Updated: November 11, 2017
Your dentist makes an opening in the jawbone where an implant is surgically placed. After the implant is attached to your bone, it acts as a new root for the crown that will replace your missing tooth.
A crown, which is made to look like a natural tooth, is attached to the implant and fills the space left in the mouth by the missing tooth. Single-tooth implants can be used in people who are missing one or more teeth. There must be enough bone in the jaw and the bone has to be strong enough to hold and support the implant to get success in this procedure.
A procedure called bone augmentation or bone grafting can be done if there is not enough bone. Also the natural teeth and supporting tissues near the implant area must be in good condition.
An implant-restored tooth consists of several parts.
This is made of titanium, which is placed in the upper or lower jawbone.
This can be made of titanium, gold or porcelain which is attached to the implant with a screw. This part connects the implant to the crown. It is shaped like a natural tooth that has been cut down to receive a crown.
This is the part that looks like a tooth called crown. It usually is made of porcelain fused to a metal alloy (PFM). It also can be of only metal or only porcelain. The crown is screwed or cemented onto the abutment. If the crown is screwed to the abutment, the screw hole will be covered with restorative material such as tooth-colored filling material.
The traditional method of placing an implant is about five months in the lower jaw and six months in the upper jaw which includes surgeries and placing the permanent crown.
If there is not enough bone in the jaw and bone needs to be built up first,then the process can last a year or more.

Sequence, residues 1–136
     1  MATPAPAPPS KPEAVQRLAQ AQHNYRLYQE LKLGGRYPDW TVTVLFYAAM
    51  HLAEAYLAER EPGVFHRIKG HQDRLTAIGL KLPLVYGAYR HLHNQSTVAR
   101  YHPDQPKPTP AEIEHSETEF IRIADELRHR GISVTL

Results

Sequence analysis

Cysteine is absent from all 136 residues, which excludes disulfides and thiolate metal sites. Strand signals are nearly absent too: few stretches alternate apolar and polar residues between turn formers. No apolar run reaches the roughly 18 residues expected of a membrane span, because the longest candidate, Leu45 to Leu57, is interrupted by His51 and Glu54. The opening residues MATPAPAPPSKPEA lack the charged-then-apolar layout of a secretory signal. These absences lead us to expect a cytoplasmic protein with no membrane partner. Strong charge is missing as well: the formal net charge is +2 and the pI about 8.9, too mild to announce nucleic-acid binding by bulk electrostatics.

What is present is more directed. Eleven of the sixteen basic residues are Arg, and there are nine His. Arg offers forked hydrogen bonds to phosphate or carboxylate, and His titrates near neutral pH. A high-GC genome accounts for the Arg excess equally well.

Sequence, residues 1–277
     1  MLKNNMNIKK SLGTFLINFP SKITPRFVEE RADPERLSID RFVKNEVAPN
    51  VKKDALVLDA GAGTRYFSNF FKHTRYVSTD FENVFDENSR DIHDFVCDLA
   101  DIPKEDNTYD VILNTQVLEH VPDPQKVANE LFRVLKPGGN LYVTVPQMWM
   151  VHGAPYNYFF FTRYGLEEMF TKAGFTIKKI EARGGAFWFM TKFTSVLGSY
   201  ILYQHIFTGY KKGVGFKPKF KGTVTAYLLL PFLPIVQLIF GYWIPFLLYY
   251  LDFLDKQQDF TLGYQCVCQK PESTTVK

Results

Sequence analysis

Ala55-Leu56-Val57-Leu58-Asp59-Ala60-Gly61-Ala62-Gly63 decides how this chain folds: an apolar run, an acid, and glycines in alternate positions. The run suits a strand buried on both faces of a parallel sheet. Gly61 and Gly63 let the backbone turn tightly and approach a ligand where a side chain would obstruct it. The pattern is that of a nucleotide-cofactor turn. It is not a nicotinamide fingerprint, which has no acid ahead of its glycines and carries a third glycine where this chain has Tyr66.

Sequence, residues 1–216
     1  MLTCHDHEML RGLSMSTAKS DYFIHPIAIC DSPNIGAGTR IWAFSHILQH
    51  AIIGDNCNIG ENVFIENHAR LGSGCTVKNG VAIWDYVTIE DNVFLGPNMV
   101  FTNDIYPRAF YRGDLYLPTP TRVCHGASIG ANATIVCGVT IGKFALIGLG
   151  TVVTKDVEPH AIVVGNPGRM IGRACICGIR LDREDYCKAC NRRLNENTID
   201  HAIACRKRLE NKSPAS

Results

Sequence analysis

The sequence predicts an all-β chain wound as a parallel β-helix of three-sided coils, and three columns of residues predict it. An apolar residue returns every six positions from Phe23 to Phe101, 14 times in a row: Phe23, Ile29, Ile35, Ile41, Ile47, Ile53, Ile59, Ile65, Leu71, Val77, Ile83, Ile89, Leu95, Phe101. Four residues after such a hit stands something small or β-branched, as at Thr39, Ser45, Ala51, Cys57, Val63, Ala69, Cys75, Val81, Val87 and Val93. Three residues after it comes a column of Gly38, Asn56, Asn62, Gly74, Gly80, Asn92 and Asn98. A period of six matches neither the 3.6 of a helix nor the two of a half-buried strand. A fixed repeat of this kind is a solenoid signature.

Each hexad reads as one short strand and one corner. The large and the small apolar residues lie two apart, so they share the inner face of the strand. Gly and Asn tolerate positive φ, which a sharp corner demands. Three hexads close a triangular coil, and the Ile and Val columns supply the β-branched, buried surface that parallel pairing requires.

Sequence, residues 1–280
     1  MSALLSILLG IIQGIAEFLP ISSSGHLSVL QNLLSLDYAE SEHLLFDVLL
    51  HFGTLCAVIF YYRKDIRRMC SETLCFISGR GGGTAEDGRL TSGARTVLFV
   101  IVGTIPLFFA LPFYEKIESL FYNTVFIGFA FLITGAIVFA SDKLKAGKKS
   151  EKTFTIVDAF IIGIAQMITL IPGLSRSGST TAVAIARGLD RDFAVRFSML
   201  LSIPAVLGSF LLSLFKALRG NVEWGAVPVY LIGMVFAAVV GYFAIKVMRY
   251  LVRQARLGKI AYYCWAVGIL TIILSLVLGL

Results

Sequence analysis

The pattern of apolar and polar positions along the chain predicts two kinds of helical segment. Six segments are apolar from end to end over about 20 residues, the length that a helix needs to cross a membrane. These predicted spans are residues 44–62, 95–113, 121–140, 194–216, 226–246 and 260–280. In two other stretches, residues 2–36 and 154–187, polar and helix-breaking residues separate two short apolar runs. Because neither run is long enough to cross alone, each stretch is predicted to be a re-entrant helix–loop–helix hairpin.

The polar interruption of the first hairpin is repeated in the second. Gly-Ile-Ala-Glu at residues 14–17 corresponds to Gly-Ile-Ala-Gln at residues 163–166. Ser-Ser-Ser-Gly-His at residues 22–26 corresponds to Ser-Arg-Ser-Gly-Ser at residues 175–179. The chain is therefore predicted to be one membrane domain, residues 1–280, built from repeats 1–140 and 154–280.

In mini implants, the implants as well as the crown, bridge or denture can be placed at the same visit.
In the traditional method, two procedures are required which requires three to six months of interval between them. During the first procedure, a small incision is made in the gum where the implant will be placed. A hole is drilled in the bone where the implant is placed and the incision is stitched closed.
The second procedure takes place at the end of the healing period of first one. A new incision will be made to expose the implant and a healing cap is screwed onto the top of the implant. It helps the surrounding gum tissue to heal. The healing cap will be removed after a few weeks. The abutment is screwed into the implant and used to support the crown.
In one-stage procedure, the implants, abutments and a temporary crown or bridge all can be placed in one visit.
A comprehensive examination will be done by your dentist which include review your medical and dental history, take X-rays, and create impressions of your teeth and gums so that models can be made.
In some cases, a computed tomography (CT) scan of your mouth will be one which will help your dentist determine how much jawbone is available to hold the implants in place. It also will show the location of structures such as nerves and sinuses ,so they can be avoided during surgery.
If the X-rays show that your jaw does not have enough bone to hold an implant, you can go for the procedure to build up the bone which may include bone grafting or bone distraction.
Grafting is taking bone from another source and adding it to your jaw. A graft could be your own bone, from your mouth, chin or hip or a synthetic material such as hydroxyapatite or calcium phosphate.
Bone distraction is a surgical procedure at the site where more bone is needed which causes the body to grow more bone by slowly pulling apart the existing bone using pins and screws.
It will take about four to twelve months for the bone to be ready for the implant for any of these procedure.